After 20 years as a band, Rusted Root decided to try something different on album No. 7. Released last fall, "The Movement" found the Pittsburgh-based, feel-good jam band breaking with traditional methods of putting together an album and embracing input from fans.
"We did it through fan funding, and that was great. It was a new way to connect up with fans and get their creativity involved on the record," singer/guitarist Michael Glabicki said in a phone interview. "We had fans come down to the studio and sit in for a day. We'd have fans come to the sound check on tour and make a video of them playing 'Send Me on My Way' with us."
That single, with a distinctive world music style and unique vocals, attracted much of Rusted Root's following. That includes a large base here in Anchorage, where previous shows have sold out, leading to return trips and more performances. The band, in the midst of a spring tour, will once again play Bear Tooth, this time for the May First Tap.
As for the new songs, Glabicki said the experience made for a more celebratory atmosphere as the album came together. The front man, who produced and engineered "The Movement," said there was less pressure throughout the process.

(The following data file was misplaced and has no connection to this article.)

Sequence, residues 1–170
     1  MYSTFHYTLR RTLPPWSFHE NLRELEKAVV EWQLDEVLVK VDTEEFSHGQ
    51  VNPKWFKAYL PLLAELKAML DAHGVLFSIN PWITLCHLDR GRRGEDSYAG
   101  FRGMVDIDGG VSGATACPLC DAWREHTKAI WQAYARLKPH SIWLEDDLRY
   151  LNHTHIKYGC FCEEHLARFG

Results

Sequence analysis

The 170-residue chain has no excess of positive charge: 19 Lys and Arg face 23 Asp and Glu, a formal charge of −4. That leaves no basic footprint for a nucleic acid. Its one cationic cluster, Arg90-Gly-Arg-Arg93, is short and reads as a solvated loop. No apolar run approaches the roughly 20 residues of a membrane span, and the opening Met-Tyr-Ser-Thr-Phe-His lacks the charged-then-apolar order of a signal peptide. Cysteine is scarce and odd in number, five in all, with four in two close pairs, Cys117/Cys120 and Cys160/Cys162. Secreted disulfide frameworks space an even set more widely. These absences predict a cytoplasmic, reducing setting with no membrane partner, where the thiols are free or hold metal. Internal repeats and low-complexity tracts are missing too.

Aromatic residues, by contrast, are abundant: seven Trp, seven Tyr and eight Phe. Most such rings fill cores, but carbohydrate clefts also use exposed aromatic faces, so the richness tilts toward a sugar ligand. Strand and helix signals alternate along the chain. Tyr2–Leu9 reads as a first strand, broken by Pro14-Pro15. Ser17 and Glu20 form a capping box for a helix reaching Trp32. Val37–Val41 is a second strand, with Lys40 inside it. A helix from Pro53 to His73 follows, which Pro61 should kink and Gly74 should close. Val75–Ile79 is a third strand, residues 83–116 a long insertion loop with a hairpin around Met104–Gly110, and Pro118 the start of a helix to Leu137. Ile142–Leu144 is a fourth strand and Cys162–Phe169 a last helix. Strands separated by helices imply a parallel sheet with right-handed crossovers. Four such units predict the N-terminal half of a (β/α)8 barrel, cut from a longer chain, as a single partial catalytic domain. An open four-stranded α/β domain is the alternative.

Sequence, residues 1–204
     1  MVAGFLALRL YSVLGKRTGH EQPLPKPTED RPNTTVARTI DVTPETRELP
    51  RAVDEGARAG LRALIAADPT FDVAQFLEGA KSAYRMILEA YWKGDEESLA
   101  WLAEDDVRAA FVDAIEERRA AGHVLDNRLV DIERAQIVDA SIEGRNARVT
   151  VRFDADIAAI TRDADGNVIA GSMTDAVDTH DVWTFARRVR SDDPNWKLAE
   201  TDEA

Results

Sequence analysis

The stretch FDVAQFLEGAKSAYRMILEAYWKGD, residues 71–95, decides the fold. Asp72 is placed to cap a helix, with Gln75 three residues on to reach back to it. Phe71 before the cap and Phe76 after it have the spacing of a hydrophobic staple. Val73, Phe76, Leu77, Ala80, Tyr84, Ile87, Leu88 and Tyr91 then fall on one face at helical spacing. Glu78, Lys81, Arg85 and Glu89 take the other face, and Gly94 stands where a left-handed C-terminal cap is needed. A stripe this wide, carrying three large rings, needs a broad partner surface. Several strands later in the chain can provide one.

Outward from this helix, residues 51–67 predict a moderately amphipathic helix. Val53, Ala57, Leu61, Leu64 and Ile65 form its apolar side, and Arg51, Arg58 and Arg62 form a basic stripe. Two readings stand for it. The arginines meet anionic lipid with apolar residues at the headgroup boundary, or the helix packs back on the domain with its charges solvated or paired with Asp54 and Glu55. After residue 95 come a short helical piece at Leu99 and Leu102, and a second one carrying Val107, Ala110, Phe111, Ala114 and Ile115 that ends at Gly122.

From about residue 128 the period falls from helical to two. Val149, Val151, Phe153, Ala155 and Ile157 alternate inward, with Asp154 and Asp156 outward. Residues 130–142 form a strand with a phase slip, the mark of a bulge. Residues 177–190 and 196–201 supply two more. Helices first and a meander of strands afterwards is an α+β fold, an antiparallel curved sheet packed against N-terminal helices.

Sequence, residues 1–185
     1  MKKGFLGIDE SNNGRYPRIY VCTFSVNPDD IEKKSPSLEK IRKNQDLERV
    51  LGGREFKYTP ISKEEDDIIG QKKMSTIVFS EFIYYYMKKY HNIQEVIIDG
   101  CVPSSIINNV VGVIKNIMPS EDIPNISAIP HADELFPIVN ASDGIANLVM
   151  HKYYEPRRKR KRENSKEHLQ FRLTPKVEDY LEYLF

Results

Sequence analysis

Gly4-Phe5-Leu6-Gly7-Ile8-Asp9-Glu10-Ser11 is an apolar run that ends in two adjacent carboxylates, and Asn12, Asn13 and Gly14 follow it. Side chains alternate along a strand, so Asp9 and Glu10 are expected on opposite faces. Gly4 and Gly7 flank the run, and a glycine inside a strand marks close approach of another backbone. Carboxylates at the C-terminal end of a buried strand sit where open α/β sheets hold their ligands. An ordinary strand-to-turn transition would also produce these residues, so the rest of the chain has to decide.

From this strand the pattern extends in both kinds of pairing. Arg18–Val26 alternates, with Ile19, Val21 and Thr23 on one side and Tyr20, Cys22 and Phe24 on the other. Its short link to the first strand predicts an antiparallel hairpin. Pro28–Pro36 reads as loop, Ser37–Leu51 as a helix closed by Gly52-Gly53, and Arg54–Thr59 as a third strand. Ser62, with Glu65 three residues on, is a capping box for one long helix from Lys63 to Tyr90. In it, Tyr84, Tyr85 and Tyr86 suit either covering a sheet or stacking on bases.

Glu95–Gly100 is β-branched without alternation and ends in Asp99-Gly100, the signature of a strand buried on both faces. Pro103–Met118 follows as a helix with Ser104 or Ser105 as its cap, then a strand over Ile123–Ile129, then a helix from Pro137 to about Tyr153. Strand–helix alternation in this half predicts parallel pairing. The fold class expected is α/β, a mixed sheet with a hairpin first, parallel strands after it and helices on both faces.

"It actually felt more natural that way, that the fans would be involved, as opposed to before," Glabicki explained. "When we were on major labels and such, everyone was sitting around in meetings trying to figure out what the fans would like."
Given the group's reputation as a touring band, Rusted Root sought to capture the energy of a live performance on the album, putting together songs in front of an audience. For Glabicki, the process was about incorporating as much of the "live ritual" as possible.
The crowds at Rusted Root shows can be diverse in age. Glabicki attributed part of that to the enduring nature of "Send Me on My Way," which hit big for the group in the mid-'90s and continues to find life in commercials and movie soundtracks. While nostalgia attracts a certain crowd, the band hopes to use the opportunity to share all its music, new and old.
"There are people that show up at the shows that are just screaming 'Send Me on My Way,' 'Send Me on My Way,' you know; that's all they want to hear," Glabicki said.
As far as playing "Send Me on My Way" goes, Glabicki still loves it. He said the song has "become bigger than us," adding that the audience brings something new to it each time. But he said the band doesn't want to rest on its biggest hit.
"There's no way that we could sit back and be a nostalgic band" Glabicki opined.
"I think if it did become that, I think we would just -- at least I would -- just break up the band in a minute," he added with a chuckle. "I don't think there's any chance of that happening. I don't know how long it's going to go on for, but I can tell you that we'd go another 30 years."
By Toben Shelby
Daily News correspondent